Murphy Legal Blog


Trucking Industry Opening to Women

The stereotypical face of a truck driver is changing.  In recent years there’s been an uptick in the number of women joining the trucking force. Despite the increasing numbers, however, women comprise less than 8% of the total driver population.  Trucking companies are working hard to attract new drivers, but in order to attract more female candidates, changes will be necessary.

Why are companies actively recruiting so many new drivers?

The drivers of past generations are retiring.  With the increase in online shopping and on-demand delivery, there has been a sweeping increase in the number of professional drivers needed. "It's not like these folks are making horseshoes," says Todd Spencer, president of the Owner-Operator Independent Drivers Association. "Trucking is an absolutely essential, critical industry to the nation, to everybody in it.”  In order to keep up with truck driver demand, companies are offering new benefits and hoping to appeal to a broader demographic.

How are trucking companies working to entice new drivers?

  • Increased pay - Pay rates have gone up approximately 10% in the last year alone. The average driver now makes about $60,000 a year.
  • Competitive benefits - Many companies now offer 401ks, health care, and PTO.
  • Bonuses - Some trucking companies sweeten the deal with bonuses for signing on, referring people, or just staying with a company.
  • Tuition Reimbursement - Some have begun offering free, online college tuition for drivers.
  • Better Communication with Shippers - When drivers are stuck at a loading dock waiting because the shipping company is delayed, understaffed, or unorganized it eats into the driver’s bottom line. Because drivers are usually paid by the mile and not by the hour, many trucking companies are investing in technology and other solutions to ensure timely loading and unloading.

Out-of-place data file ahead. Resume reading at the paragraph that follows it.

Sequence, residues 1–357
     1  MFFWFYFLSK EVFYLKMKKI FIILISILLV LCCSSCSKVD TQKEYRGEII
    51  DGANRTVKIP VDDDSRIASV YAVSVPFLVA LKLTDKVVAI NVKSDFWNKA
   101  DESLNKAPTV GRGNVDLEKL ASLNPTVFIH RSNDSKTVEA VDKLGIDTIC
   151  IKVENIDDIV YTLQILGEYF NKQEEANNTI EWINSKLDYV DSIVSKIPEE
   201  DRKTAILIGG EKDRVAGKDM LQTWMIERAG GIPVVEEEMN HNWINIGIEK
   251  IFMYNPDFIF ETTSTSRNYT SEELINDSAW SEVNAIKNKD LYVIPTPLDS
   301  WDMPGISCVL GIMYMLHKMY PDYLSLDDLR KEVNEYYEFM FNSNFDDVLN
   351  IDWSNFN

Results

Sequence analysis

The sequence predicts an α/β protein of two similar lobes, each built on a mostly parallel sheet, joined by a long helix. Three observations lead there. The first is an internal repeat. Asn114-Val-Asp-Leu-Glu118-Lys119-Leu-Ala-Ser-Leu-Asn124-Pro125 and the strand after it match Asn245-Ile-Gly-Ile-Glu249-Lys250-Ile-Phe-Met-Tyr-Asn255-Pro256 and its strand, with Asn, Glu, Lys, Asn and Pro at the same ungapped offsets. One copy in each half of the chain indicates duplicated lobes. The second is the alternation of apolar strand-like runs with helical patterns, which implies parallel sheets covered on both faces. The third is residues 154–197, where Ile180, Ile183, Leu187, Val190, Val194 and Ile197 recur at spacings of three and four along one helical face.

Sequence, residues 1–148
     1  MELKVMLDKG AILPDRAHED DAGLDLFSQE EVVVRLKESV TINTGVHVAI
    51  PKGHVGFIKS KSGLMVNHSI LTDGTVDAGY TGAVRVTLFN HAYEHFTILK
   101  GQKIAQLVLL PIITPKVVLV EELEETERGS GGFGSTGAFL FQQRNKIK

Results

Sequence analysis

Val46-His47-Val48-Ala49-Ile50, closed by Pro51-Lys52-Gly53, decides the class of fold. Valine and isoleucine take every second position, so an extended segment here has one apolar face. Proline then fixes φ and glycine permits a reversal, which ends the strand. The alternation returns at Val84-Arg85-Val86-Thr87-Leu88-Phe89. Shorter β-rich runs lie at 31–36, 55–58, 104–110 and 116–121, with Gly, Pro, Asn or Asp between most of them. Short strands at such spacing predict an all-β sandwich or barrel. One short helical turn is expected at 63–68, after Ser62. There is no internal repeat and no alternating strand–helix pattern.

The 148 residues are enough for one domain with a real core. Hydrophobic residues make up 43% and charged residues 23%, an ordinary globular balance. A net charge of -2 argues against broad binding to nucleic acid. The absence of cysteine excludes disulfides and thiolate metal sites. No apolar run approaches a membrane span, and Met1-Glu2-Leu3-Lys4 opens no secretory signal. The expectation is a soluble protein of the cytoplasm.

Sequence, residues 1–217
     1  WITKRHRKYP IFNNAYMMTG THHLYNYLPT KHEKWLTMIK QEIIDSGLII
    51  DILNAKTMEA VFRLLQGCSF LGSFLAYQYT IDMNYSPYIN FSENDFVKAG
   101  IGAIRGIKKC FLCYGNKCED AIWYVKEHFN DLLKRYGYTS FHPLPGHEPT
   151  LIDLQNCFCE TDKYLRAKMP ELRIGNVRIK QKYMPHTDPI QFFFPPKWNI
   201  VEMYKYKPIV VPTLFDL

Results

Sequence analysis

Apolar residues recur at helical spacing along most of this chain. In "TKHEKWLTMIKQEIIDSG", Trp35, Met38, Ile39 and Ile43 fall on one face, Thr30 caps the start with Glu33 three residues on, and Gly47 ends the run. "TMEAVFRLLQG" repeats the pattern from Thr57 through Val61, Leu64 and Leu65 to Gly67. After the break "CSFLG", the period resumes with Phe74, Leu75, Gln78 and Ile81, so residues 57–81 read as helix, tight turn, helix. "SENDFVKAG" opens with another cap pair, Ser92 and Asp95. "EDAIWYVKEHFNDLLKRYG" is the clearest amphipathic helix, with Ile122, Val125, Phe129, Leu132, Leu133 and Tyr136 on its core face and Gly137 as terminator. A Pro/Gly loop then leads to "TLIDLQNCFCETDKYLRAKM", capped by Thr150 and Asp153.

What changes does the trucking industry need to implement as the workforce becomes more diverse?

  • A Focus on Safety - Because long-haul trucks both live and work in their trucks, it’s becoming more important than ever to focus on safety at truck stops. Companies are working with state agencies and truck stops to help enforce safety for women and minorities. It is important that truck stops have adequate lighting and fencing and that security checks are in place. A recent WIT [Women in Trucking] Best Practices Survey conducted by Sawgrass Logistics and The Women in Trucking Association found female truck drivers rated how safe they felt in their job a 4.4 on a scale of 1 to 10; companies and state agencies have word to do.
  • Flexible scheduling – Women often are primary caregivers for children and even elderly parents. Companies must offer flexible schedules and PTO to support work-life balance.

As this inclusive industry grows, more vehicles will be on the road to meet the ever-increasing consumer and corporate demands, creating a greater potential for even the most well-trained and experienced drivers to be involved in a collision.  If you or your company are facing a legal claim due to a trucking accident, Murphy Legal is ready to defend you. To learn more about our passion for the trucking industry, call us at 979-690-0800 or visit us on the web at Murphy Legal.

If you need assistance in an emergency, call our 24-Hour Emergency Hotline at 979-209-2173. We’re here to help.

Be sure to check our Refuel blog series for additional resources and information about rig and driver safety. Click here to sign up for our newsletter covering a wide variety of topics to help protect owner-operators and trucking companies from liability in the event of an accident.


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